McLaglen began to be exclusively a supporting actor, with parts in Love, Honor and Goodbye (1945), Whistle Stop (1946), Calendar Girl (1947), The Michigan Kid (1947), and The Foxes of Harrow (1947).
McLaglen was back with John Ford for Fort Apache (1948) with John Wayne. It was very much a support part, as a cavalry sergeant, but so well received that McLaglen basically reprised it in the other two films in the Ford-Wayne "cavalry trilogy": She Wore a Yellow Ribbon (1949) and Rio Grande (1950).
McLaglen was later nominated for another Oscar, this time for a Best Supporting Actor for his role opposite John Wayne in The Quiet Man (1952). He continued to be in demand as a support actor in action films: Fair Wind to Java (1953) and Prince Valiant (1954). He went to Britain for Trouble in the Glen (1954), an unsuccessful attempt to do for Scotland what The Quiet Man did for Ireland. Back in Hollywood he was in Many Rivers to Cross (1955) at MGM.
McLaglen had a rare late career lead role in City of Shadows (1955) at Republic and he was second billed in Bengazi (1955). However he went back to supports with Lady Godiva of Coventry (1955). He had a cameo in Around the World in 80 Days (1956) then had another lead in The Abductors (1957), directed by his son, Andrew.
Toward the end of his career, McLaglen made several guest appearances on television, particularly in Western series such as Have Gun, Will Travel and Rawhide. The episodes in which McLaglen guest-starred were both directed by his son, Andrew V. McLaglen, who later became a film director who frequently directed John Wayne.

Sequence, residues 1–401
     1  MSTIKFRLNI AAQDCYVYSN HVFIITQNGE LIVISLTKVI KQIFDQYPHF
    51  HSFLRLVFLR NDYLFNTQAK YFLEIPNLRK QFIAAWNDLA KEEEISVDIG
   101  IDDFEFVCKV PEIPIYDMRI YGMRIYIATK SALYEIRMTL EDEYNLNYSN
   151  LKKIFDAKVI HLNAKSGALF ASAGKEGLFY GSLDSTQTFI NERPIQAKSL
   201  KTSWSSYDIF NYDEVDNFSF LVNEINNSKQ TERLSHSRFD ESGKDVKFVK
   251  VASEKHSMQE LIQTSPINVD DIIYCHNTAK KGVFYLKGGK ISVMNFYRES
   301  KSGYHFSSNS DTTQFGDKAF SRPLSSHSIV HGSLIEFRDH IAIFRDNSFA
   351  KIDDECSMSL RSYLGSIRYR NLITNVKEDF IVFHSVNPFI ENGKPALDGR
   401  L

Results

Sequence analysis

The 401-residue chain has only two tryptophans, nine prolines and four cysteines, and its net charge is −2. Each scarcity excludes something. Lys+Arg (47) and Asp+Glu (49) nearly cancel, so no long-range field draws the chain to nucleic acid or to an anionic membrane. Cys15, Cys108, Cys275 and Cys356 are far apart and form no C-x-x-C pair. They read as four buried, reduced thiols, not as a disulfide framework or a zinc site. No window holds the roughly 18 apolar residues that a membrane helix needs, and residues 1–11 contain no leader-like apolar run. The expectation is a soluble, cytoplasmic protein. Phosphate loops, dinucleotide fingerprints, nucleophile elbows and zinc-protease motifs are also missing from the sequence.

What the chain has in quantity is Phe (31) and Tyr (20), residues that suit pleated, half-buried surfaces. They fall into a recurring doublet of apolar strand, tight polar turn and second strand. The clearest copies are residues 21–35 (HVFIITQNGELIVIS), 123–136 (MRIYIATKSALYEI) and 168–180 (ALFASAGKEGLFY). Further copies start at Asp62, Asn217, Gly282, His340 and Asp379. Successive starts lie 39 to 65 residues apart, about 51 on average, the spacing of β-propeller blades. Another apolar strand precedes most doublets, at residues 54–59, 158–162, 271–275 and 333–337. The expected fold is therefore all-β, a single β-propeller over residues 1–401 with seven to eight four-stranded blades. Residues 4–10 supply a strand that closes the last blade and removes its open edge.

In 1933, he founded the California Light Horse Regiment, which included a "riding parade club, a polo-playing group and a precision motorcycle contingent". He described it in a press interview as promoting "Americanism". He said it was organized to fight communists and others "opposed to the American ideal", both inside and outside the country. McLaglen was attacked by some on the left as fascist, which he denied. He said he was a "patriot of the good old-fashioned American kind".
In 1935, McLaglen spent a reported $40,000 to build his own stadium near Riverside Drive and Hyperion Avenue, near Griffith Park and the Atwater Village neighborhood of Los Angeles. The stadium was used for football and many other activities. The Los Angeles River flood of 1938 seriously damaged the stadium, and it fell into disuse thereafter. In 1941, he was selected as the grand marshal of the Clovis Rodeo parade in Clovis, California.
Victor McLaglen was married three times. He first married Enid Lamont in 1919. The couple had two sons, Andrew (born 1920), Walter (born c. 1921), and one daughter, Sheila. Andrew McLaglen was a television and film director who worked on several film projects with John Wayne. Andrew's children, Mary and Josh McLaglen, are both film producers and directors. Sheila's daughter, Gwyneth Horder-Payton, is a television director. Enid Lamont McLaglen died in 1942 as a result of a horse-riding accident.
His second marriage was to Suzanne M. Brueggeman. That marriage lasted from 1943 until 1948. His third and final marriage was to Margaret Pumphrey, a Seattle socialite he married in 1948. They remained married until his death of a heart attack in 1959.
|1920||The Call of the Road||Alf Truscott|
|1921||Corinthian Jack||Jack Halstead|
|1921||The Prey of the Dragon||Brett 'Dragon' Mercer|